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Lacking an enzyme linked to diabetes and obesity, mice stay slim on a high-carb diet

Yale Medicine Magazine, 2007 - Winter


Even on a “supersize” diet, mice bred to lack a certain enzyme remained more svelte than mice with the enzyme, according to a study by Yale scientists in the July 2006 issue of the journal Cell Metabolism. Moreover, in a finding that surprised the research team, the mice’s blood sugar levels remained under control.

The study’s senior author cautioned against premature talk of an elixir that prevents diabetes or does away with the need for exercise. “The long-term goal, I think, would be to figure out how this enzyme is working under normal circumstances,” said Anton M. Bennett, Ph.D., associate professor of pharmacology. “But I think we’re a long ways away from this as an obesity target.”

Bennett’s laboratory studies mitogen-activated protein kinase phosphatases (MKPs), important players that have been implicated in numerous cellular functions such as cell growth and cell survival. For a better understanding of these enzymes, mice were bred to lack one of them, MKP-1. “There was no preconceived hypothesis that it would necessarily be involved in regulating body mass,” Bennett explained.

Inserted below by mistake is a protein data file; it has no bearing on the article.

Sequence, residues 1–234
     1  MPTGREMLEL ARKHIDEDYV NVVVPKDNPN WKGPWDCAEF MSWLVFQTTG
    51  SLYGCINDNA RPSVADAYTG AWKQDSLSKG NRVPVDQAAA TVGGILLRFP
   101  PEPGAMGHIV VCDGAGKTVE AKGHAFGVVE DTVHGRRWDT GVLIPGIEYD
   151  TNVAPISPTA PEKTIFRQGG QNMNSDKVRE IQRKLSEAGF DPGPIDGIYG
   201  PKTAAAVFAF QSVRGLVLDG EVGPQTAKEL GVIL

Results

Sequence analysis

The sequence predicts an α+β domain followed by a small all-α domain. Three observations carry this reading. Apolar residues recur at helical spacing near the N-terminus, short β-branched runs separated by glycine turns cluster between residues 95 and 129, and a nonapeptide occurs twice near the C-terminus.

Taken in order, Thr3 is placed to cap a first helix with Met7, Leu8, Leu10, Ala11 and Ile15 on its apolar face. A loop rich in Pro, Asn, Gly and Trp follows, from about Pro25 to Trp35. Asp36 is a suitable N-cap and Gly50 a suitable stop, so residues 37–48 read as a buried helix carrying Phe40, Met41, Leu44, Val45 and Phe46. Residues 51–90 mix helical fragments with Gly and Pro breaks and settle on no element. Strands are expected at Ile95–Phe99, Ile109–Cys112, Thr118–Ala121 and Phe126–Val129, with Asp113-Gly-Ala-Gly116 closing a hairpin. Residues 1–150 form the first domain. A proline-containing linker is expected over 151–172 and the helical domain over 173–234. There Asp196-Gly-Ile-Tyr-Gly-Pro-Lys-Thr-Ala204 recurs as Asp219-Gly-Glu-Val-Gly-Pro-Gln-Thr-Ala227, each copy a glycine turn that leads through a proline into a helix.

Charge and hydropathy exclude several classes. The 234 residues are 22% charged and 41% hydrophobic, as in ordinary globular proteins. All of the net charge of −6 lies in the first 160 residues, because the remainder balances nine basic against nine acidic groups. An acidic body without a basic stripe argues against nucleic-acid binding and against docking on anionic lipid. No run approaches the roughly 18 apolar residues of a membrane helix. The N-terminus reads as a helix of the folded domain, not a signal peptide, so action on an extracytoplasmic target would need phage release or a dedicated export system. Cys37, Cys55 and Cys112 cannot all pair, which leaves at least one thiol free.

At first there appeared to be no obvious differences between the mice lacking MKP-1 and the control mice. “If you looked in the cage and had the mice side by side, they would be indistinguishable,” Bennett said. Both groups ate a typical chow diet—“the equivalent of three squares a day.” Soon, the knockout mice showed that they were less likely to put on the ounces.

“Then we put them on a McDonald’s ‘supersize’ equivalent, where 55 percent of the calories was from carbohydrates,” he continued. “The differences in weight were extremely pronounced.” The mice without the enzyme were, on average, 15 to 20 percent leaner than the control group. “The enzyme seems to act as a brake on how fast you burn energy. When you remove that enzyme, energy expenditure seems to go up dramatically.”

The mice without the enzyme were also better able to control their glucose levels. Because they were leaner, they also should have exhibited signs of increased insulin sensitivity. “But it was normal,” Bennett said. “That was somewhat of an unexpected result.” The knockout mice also were less likely to show signs of metabolic syndrome, a constellation of risk factors for heart disease and diabetes. One of the hallmarks of metabolic syndrome is a fatty liver, and the mice without the enzyme were resistant to that symptom.

While the study shows that MKP-1 “may contribute to obesity and diabetes,” it is far from certain whether turning it off will prevent or ameliorate those conditions. There is also concern about the overall effect of turning off the enzyme in the body. Bennett said studies have found knockout mice to be more susceptible to infection. “That’s not a good thing,” he said. “Everything is connected.”

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